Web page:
5.3.1 The useful SystemExit exception

A quite common construction in a Python main program is to exit in the very beginning, if the user fails to provide the proper command line arguments, or, as in the following example, the specified file does not exist. When the SystemExit exception is raised, the Python process terminates:

    fnam = sys.argv[1]
    if not os.path.exists(fnam):
        print "file not found, duh!"
        raise SystemExit

5.4 Superposition

In this section, we will take a look at the Superimposer() class that comes with Biopython.

The following code is the main program from the Biopython source file Bio/PDB/, that we copy-paste into its own file called (The Python standard programming guidelines encourages use of lower-case letters for file names.)

 1: import sys
 2: from Bio.PDB import PDBParser, Selection, Superimposer
 3: import numpy
 5: if __name__=="__main__":
 7:     p=PDBParser()
 8:     s1=p.get_structure("FIXED", sys.argv[1])
 9:  fixed=Selection.unfold_entities(s1, "A")
11:     s2=p.get_structure("MOVING", sys.argv[1])
12:  moving=Selection.unfold_entities(s2, "A")
14:  rot=numpy.identity(3).astype('f')
15:  tran=numpy.array((1.0, 2.0, 3.0), 'f')
17:  for atom in moving:
18:         atom.transform(rot, tran)
20:     sup=Superimposer()
22:  sup.set_atoms(fixed, moving)
24:     print sup.rotran
25:     print sup.rms
27:  sup.apply(moving)

The above example is only mildly interesting, because it simply superimposes a molecule on a copy of itself, which has been translated by a small amount. The result of the calculation should therefore be the identity matrix, and a small translation in the opposite direction. We will none-the-less go through the program and examine what it’s doing.

The first few lines ought to be familiar by now. The PDB file from the command line is opened twice, and its atoms are placed in two Structure() instances s1 and s2.

In lines 9 and 12 we are using the convenient Selection() class, that can be used to access the various levels of the SMCRA hierachy. We use the method called unfold_entities(), which can unfold a list of entities to a list of entities of another level. For example:

  • list of atoms -> list of residues
  • list of residues -> list of atoms
  • list of residues -> list of chains

In this case, we unfold a Structure() instance to a list of atoms, specified by the “A” in parameter 2. Those lists of atoms are stored in variables moving and fixed.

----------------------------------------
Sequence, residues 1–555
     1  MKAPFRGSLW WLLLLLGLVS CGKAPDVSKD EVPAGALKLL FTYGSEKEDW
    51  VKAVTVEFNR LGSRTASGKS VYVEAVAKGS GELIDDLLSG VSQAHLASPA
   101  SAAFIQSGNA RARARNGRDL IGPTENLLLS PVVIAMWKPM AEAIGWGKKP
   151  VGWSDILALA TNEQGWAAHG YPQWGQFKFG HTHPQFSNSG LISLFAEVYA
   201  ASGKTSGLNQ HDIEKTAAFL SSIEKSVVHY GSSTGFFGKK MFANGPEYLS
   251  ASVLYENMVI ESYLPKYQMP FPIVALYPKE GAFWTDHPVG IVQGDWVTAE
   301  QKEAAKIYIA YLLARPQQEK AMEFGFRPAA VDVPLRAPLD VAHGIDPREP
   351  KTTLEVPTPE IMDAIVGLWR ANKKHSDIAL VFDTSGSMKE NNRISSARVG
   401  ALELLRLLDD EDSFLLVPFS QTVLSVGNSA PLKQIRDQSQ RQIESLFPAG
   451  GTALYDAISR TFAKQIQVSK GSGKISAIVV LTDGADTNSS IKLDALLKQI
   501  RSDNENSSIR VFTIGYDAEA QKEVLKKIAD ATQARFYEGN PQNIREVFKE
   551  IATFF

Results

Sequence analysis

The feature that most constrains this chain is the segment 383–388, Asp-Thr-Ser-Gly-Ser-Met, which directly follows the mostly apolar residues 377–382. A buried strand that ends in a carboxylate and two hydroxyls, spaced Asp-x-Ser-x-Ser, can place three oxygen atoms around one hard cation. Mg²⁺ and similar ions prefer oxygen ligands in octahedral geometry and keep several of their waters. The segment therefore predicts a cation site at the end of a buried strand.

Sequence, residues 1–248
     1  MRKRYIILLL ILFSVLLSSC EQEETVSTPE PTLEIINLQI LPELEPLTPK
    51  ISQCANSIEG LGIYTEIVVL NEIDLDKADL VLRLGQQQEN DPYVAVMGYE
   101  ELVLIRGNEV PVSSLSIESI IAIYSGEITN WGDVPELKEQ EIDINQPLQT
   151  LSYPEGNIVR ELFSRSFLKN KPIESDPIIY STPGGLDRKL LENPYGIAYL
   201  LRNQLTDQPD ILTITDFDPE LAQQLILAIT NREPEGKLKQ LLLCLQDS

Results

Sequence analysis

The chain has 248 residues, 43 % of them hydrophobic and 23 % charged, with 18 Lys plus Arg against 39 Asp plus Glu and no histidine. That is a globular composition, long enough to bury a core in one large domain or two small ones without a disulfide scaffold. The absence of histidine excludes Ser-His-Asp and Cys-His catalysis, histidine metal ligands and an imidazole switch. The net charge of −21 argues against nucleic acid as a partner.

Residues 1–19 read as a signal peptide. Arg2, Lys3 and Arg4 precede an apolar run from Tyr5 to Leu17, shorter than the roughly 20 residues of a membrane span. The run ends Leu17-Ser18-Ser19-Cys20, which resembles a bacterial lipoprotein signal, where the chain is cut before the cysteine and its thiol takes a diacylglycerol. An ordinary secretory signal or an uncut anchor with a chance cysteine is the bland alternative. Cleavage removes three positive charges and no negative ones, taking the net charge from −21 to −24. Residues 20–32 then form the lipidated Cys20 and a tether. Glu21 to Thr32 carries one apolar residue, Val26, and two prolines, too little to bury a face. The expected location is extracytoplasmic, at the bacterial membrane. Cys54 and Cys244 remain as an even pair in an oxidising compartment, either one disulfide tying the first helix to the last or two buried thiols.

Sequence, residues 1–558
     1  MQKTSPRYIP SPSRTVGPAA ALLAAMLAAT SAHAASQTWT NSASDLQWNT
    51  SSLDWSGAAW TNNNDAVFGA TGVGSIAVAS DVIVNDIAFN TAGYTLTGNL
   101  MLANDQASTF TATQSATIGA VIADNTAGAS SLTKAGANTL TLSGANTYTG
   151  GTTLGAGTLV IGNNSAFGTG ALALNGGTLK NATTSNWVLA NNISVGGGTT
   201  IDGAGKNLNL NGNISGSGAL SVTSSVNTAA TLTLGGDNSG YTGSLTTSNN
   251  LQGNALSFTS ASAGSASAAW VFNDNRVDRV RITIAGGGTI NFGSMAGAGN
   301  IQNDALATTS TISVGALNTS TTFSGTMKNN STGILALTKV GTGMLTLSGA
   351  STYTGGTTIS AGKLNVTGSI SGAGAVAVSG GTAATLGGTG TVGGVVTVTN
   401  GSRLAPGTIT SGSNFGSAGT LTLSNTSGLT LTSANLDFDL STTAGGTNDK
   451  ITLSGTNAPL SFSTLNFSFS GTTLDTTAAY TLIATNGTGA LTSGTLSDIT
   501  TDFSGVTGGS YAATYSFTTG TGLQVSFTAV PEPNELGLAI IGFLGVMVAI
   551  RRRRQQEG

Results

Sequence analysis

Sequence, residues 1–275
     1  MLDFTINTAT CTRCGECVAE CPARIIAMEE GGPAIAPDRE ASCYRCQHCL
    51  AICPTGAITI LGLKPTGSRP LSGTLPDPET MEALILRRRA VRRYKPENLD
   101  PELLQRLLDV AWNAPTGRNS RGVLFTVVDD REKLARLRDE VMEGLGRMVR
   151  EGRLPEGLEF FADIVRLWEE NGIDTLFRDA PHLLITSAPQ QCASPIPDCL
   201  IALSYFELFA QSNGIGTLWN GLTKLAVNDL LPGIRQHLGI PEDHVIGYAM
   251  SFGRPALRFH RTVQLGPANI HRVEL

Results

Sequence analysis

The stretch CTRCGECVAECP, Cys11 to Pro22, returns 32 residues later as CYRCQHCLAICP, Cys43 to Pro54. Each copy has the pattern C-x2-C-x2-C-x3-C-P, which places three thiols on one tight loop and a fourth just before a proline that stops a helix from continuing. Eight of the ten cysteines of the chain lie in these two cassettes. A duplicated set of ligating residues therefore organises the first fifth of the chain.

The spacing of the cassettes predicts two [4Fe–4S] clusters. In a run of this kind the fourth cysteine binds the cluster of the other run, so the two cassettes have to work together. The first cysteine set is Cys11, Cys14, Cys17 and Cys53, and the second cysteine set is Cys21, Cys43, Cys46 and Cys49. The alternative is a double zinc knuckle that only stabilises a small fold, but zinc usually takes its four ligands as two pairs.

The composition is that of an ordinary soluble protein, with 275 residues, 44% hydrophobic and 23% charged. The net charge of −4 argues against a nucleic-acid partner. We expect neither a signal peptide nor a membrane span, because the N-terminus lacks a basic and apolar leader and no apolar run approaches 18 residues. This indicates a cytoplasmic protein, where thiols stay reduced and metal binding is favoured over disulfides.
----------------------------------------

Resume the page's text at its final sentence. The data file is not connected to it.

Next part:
In line 14 we define the identity matrix, and in line 15 we define a translation vector (1.0, 2.0, 3.0). That rotation/translation operator is applied to the moving list of atoms in line 17, and after this operation all atoms in that list have been shifted by the translation vector given above.

Now we instance the Superimposer() class in the variable sup, and feed two lists of atoms to it (line 22). The rotation/translation operator and root mean squared deviation is printed, and finally, in line 27, the translation in sup is applied to the moving list, which should result in the atoms being shifted back to their original positions.

It is left as an exercise for the reader to generalize this program so it can take two different PDB files and/or two different chains.

5.5 Neighbor search

Now lets take a look at the NeighborSearch class from Biopython. This is a useful class that can search entities (that can be Atom, Residue, etc. objects) within a certain distance.

To remind yourself how smart IPython is (assuming you are running it) let us first check the documentation for NeighborSearch.

from Bio.PDB import NeigborSearch

Recall that IPython has extensive support of Tab-completion. When typing the above, it is actually sufficient to type:


and IPython will automatically expand “Nei” to “NeighborSearch”.

Now, load a Structure object from a PDB file, and as in the previous example, unfold that structure into a list of atoms.

from Bio.PDB import Selection
s = p.get_structure("test", "1zen.pdb")
atoms = Selection.unfold_entities(s, "A")

Now, choose a random atom in that structure. Below, we choose atom number 30, which happens to be the OH atom of residue 3, which is a Tyr. The get_coord() method returns a Numpy array containing that atom’s coordinates.

1: center = atoms[30].get_coord()
2: ns = NeighborSearch(atoms) 
3: print (center, 5, "A") 
4: print (center, 5, "R")

In line 2, we prime an instance ns of the NeighborSearch class with the list of atoms extracted from PDB structure 1zen. Then, in line 3, we print out the list of atoms within 5.0 Å of the center (atom OH of Tyr 3). In the following line, we print the list of residues found by the search within that radius:

[<Residue TYR het=  resseq=3 icode= >,
 <Residue LYS het=  resseq=105 icode= >,
 <Residue GLU het=  resseq=53 icode= >,
 <Residue LYS het=  resseq=52 icode= >]

NeighborSearch is a very useful class solving an often encountered problem, that you can use in your programs.

5.6 Fragment search

For the next example, we will take a look at Biopython’s Fragmentmapper class, and we shall use it to write a small program that performs a calculation more or less like the Lego_ca command in O: step through the polypeptide chain one residue at the time, and find the best fitting fragment from a library of fragments.